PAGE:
“I live all the way at the top of Maine, and we don’t have access to the amazing vegan choices like you do in your area,” Saucier told me by phone from her hometown that (so far) lacks other vegan and vegetarian businesses. Yet, she said lately she’s meeting more local vegans and seeing more non-vegans eating vegan food. “Veganism is growing,” Saucier said. “People are trying to eat more fruits and vegetables and trying to eat less meat and dairy.”

Being so far from a visible veg community, Saucier was advised by some people before launching her businesses to leave the word “vegan” off her packaging because some non-vegans get scared by the V-word. “I said, ‘then those aren’t my people,’” recalled Saucier, who proudly displays the words “100% Vegan” on her labels.

Saucier’s people – from around the corner in Fort Kent to across the country in California – have since discovered Al’s Green Kitchen Macs (which ships its macaroons nationally, but sells 50 percent of its products in the local community). Buoyed by the warm reception from her like-minded customers, Saucier, a registered nurse who adopted veganism for her health but soon became deeply concerned about farm animals, said “knowing the Peace Ridge animals have been saved from horrible situations, I want to help.”

Other sponsors and donors include Lovebirds in Kittery, Totally Awesome Vegan Food Truck in Portland, Vickie’s Veggie Table in Biddeford, Curbside Comforts in Gorham, Lorriane’s Cakes in Standish, Salt + Pepper Social in Newcastle, and Tootie’s Tempeh in Biddeford.

Sarah Speare, the co-founder and CEO of Tootie’s, sponsored the 5K “because one of our core values is to support the well-being of animals.” A longtime vegan and Maine resident, Speare has also witnessed the recent growth of the state’s plant-based industry.


“It’s wonderful to have so many vegan food producers at the event, most of whom we know and love and many that we collaborate with,” Speare said. “It is especially heartening to see the addition of non-food businesses becoming sponsors of vegan events.”

These businesses represent the expanding breadth of Maine’s plant-based industry, where vegan and vegetarian owners of non-food enterprises feel naturally aligned with veg food businesses. Peace Ridge Sanctuary itself is an example of a non-food organization allied with plant-based restaurants and bakeries.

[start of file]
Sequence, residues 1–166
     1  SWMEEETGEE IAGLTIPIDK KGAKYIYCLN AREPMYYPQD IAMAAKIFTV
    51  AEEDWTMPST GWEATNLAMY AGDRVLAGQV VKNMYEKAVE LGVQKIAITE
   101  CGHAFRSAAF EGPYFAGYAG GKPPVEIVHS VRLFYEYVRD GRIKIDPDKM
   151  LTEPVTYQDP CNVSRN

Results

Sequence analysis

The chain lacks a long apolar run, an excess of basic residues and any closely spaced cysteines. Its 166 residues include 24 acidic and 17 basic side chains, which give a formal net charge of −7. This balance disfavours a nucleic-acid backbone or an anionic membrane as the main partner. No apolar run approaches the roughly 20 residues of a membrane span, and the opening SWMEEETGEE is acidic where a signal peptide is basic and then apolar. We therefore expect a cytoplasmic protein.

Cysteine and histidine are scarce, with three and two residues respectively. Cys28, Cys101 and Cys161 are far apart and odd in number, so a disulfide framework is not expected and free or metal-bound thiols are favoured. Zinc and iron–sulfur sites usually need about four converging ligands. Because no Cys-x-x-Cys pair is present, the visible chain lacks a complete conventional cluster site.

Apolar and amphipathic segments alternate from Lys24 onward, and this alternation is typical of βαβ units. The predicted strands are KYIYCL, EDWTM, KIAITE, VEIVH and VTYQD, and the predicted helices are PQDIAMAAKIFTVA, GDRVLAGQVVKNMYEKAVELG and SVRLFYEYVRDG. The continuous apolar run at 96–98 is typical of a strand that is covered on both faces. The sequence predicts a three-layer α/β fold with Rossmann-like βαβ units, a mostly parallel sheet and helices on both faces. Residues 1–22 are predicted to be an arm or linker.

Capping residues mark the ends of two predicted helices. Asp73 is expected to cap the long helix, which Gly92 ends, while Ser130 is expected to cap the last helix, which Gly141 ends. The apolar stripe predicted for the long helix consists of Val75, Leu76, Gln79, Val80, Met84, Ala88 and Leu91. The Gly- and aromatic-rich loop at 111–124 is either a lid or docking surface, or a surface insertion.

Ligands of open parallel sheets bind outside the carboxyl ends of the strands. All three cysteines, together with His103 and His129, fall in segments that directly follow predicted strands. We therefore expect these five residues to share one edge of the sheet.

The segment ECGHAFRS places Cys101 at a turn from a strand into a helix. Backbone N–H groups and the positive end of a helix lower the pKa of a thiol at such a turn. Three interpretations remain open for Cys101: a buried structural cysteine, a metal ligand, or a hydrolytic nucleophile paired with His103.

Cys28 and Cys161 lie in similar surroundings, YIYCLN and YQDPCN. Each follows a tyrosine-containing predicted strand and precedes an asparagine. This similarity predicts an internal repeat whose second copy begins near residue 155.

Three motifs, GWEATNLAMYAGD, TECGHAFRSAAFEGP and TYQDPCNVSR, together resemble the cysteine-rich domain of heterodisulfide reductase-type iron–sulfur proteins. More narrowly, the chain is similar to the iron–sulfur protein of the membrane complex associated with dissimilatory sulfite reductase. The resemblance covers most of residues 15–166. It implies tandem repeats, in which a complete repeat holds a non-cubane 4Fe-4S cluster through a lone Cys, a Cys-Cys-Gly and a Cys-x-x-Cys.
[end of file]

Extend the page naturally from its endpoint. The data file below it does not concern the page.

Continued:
The 5K’s top sponsor, Sakara Creative, is another example. The architecture firm based in Readfield is run by vegan Arielle Cousens and partner Ben Stoodley. Last year, Cousens organized community opposition to a pig scramble held during Readfield Heritage Days, causing the event to be canceled going forward. In an odd twist of fate, one of the pig scramble promoters later hired Sakara Creative to draw a house rendering, and Cousens donated all the proceeds from the job to the Peace Ridge 5K.

Cousens, a lifelong vegetarian who grew up in Maine, said, “people want to make the right choices,” but she feels they need to witness more examples of people opting out of animal cruelty. “Let’s promote doing the right thing and more people will get on board,” said Cousens.

Other non-food, plant-based businesses sponsoring and donating to the Peace Ridge 5K include Urban & Rural Real Estate of Portland and Richmond, the all-vegan Organic Roots salon and spa in South Portland, the nonprofit advocacy organization Maine Animal Coalition of Portland (which hosts the state’s annual Veg Fest), vegan soap maker White Pine Bath & Brew of South Portland, Peppe’s Hand-Painted Pet Portraits of Rockland, fitness studio Hustle & Flow of Portland, and Scarborough-based online card, wall art and T-shirt designer Scribbles and Doodlez.

Tempeh maker Speare finds non-food businesses aligned with the vegan and vegetarian movement to be a significant development, saying, “It means that vegans are in decision-making and influencing positions and can use their businesses to educate and advocate for the animals who otherwise have no voice.”

Those sponsoring and donating to this year’s Run for the Animals are elevating those voices of the voiceless and nudging other Mainers toward compassion. They also demonstrate the growing strength of Maine’s plant-based industry.

Avery Yale Kamila is a food writer who lives in Portland. Reach her at